The Coastal Star

Boca Raton: Neighbors shoot down consultant’s initial ideas for Ocean Strand

Proponents of a park for the beachfront parcel are happy to see plans being offered, but some critics think this plan proposes too many options. Rendering provided by the City of Boca Raton

By Steve Plunkett

    The verdict for the latest proposal to develop Ocean Strand: Too much.
    “My impression is we’re trying to be too many things to too many people,” Steve Engel, vice chairman of the Greater Boca Raton Beach & Park District, said after seeing a consultant’s concept for the vacant beachfront parcel.
    “It’s got to be very passive. It cannot be intense,” District Commissioner Craig Ehrnst said.
    The reactions came as Kona Gray, of architecture and planning consultant EDSA Inc., presented a plan July 17 for the nearly 15-acre parcel that included docks, a lookout pavilion, restrooms, trails, a playground, a drop-off area for the beach and educational treehouses.
    Ocean Strand “is really a place that sort of lends itself toward something eco-friendly, very natural,” Gray said. “That connection to the environment is very rare. A lot of people are missing that right now.”
    Gray said the concept his firm developed was just an idea and he wanted commissioners and members of the public to suggest improvements. At a meeting at the downtown library the week before, people said the proposed development seemed too intense at the Intracoastal Waterway and too close to single-family homes to the north. They also wanted only nonmotorized vessels at the dock, botanical gardens and someplace to eat, Gray said.
    EDSA is in the midst of developing a comprehensive plan for Boca Raton’s waterfront parks. In May Gray suggested a restaurant at Ocean Strand like Guanabanas in Jupiter, which once was interested in building a sister site at the city’s Wildflower property.
    “That is not necessary here. We could do something way scaled down, that’s just offering some hot dogs, hamburgers or something more healthy so that when you come and you have your kids and you want to stay a little bit longer, you don’t have to leave,” Gray said.
    The crowd in the commission chamber, mostly neighbors from just north and south of the site, would have none of it.
    “We definitely don’t want to have any restaurants,” said Andrea Stekloff, who lives in Boca Towers directly south. “We don’t want the noise from the band like Guanabanas, we don’t need any smelly food cooking, any rowdy bars, any boat dockage and valet parking and music until 2 a.m.”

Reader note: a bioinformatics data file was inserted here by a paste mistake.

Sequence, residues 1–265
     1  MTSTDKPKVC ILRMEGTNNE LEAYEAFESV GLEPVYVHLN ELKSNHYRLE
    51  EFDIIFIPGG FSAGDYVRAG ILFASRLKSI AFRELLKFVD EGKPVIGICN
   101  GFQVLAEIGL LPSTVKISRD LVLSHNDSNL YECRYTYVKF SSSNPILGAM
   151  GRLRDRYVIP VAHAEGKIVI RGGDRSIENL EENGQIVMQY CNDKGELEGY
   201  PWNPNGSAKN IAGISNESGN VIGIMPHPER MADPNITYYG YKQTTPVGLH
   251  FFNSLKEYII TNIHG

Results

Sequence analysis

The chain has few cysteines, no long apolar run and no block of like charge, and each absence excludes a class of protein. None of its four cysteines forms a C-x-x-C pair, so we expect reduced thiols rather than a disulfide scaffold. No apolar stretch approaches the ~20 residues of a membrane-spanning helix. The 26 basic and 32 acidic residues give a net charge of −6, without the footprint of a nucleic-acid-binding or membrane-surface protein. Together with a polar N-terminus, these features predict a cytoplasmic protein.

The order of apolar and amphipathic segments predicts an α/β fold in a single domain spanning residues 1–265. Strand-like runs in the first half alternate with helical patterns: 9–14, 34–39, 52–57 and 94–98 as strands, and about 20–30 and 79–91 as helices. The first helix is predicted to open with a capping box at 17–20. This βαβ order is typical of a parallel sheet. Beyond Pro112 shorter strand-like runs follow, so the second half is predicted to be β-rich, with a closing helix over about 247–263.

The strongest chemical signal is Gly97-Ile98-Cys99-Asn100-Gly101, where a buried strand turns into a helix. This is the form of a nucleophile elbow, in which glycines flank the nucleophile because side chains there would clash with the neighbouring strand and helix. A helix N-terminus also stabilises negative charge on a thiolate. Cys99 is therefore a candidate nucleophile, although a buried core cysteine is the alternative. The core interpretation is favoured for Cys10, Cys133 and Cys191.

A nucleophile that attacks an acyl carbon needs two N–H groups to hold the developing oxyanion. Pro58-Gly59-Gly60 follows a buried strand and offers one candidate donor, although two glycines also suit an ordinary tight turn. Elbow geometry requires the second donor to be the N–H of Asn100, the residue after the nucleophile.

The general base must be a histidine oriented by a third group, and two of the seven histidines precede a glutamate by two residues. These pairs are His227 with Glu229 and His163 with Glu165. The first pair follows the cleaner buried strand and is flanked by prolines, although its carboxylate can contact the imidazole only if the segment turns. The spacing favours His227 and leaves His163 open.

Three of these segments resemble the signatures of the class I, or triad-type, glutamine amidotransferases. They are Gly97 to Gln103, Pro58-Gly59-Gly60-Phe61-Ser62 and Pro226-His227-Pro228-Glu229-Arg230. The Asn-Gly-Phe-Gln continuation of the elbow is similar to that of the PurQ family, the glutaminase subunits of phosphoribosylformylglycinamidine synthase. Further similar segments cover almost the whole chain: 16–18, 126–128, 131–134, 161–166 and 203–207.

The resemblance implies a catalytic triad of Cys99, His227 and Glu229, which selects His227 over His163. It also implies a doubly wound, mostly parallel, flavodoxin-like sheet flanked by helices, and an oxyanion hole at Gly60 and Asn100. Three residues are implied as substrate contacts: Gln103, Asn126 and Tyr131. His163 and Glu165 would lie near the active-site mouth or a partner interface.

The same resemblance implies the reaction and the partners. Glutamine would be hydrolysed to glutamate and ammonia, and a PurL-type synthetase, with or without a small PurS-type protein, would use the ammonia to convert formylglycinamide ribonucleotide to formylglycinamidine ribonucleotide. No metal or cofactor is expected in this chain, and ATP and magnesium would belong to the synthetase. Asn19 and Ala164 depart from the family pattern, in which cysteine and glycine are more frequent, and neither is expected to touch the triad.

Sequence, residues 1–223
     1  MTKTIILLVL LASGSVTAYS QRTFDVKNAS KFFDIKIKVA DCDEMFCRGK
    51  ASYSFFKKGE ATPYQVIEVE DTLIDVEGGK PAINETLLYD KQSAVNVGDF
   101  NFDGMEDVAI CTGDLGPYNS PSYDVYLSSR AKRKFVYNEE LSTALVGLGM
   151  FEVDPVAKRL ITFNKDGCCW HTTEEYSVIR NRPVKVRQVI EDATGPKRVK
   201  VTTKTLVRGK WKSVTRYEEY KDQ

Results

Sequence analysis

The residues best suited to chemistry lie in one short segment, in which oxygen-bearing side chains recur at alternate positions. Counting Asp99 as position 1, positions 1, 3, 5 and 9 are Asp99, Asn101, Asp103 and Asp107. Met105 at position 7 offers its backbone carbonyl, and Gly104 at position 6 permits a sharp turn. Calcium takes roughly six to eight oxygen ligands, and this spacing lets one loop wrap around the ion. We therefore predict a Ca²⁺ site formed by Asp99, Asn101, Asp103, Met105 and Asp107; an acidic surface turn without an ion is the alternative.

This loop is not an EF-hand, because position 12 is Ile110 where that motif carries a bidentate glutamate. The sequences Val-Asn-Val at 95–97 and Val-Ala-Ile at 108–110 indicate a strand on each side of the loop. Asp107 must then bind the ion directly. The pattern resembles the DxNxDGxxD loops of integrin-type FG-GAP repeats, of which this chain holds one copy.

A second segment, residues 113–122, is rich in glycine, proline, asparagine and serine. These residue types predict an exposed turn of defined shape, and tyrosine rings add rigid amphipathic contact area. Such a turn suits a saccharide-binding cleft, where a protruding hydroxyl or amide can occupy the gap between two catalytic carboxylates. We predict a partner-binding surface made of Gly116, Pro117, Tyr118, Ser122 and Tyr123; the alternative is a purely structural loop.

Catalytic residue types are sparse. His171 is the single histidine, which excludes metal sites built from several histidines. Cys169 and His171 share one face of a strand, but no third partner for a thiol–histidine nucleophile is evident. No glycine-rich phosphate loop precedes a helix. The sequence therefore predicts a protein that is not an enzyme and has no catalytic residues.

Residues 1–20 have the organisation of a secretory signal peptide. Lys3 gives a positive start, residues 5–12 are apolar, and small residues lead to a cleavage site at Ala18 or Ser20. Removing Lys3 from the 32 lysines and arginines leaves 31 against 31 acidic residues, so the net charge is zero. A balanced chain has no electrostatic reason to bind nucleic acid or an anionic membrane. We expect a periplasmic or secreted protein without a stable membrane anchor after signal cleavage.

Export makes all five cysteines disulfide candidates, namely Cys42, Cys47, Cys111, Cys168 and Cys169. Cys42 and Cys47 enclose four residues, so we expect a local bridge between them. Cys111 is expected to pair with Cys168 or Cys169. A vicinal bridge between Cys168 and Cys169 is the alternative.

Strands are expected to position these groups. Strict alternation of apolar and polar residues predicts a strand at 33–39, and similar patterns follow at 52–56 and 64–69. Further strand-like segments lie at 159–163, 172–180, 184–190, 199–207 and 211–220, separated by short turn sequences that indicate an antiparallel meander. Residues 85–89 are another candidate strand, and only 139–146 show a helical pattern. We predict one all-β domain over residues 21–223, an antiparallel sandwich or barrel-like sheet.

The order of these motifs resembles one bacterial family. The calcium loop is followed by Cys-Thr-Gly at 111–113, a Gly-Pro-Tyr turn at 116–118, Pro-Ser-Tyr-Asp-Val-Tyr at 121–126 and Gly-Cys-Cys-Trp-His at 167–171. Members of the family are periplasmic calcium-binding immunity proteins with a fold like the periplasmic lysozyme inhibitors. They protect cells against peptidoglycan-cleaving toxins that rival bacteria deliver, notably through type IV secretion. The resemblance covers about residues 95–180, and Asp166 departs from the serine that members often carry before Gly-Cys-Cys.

Stekloff said the Intracoastal side of Red Reef Park could be the model.
    “You have one little gazebo, one little grill so one little family, whoever gets there first, gets it, and you don’t have 5 million people cooking,” she said.
    Commissioner Erin Wright agreed.
    “I would prefer actually no restaurant or food. I don’t think it’s necessary,” Wright said. “Love all the walking trails and back-to-nature type of things.”
    Sharon Picker, also a Boca Towers resident, compared the parcel to the world’s rainforests.
    “If you just put pathways to walk through and a couple of other things and make it accessible to the public to just see its awesomeness and its natural state, that might be enough,” Picker said.
    Gray said because the proposal is only at the conceptual level, his colleagues didn’t really anticipate a hard number of parking spaces at the site.
    “From what we’re hearing, we shouldn’t have more than 10 spaces,” he said.
    Engel also said Ocean Strand does not need a playground.
    “I want to see something where the development is limited, where the accent is really on the flora and fauna … almost a nature preserve, and make it congruent with what’s going on at Gumbo Limbo so that one almost is an extension of the other,” Engel said.
    Commission Chairman Robert Rollins said any talk of developing Ocean Strand starts with a concept.
    “You have to have some design in order to move forward, and the conversations that we’ve had here tonight I think will be invaluable when it comes down to our discussion at this commission what we wish to do with our park,” Rollins said. “I can almost assure you, it’ll be a very passive park. As someone said, [Gray’s proposal is] a little too busy.”
    District commissioners agreed to give the city $50,000 to start developing a master plan for Gumbo Limbo. The city wants an additional $200,000 in the coming budget year to complete the plan.
    EDSA and another consultant, Cambridge 7 Associates, will do the work.

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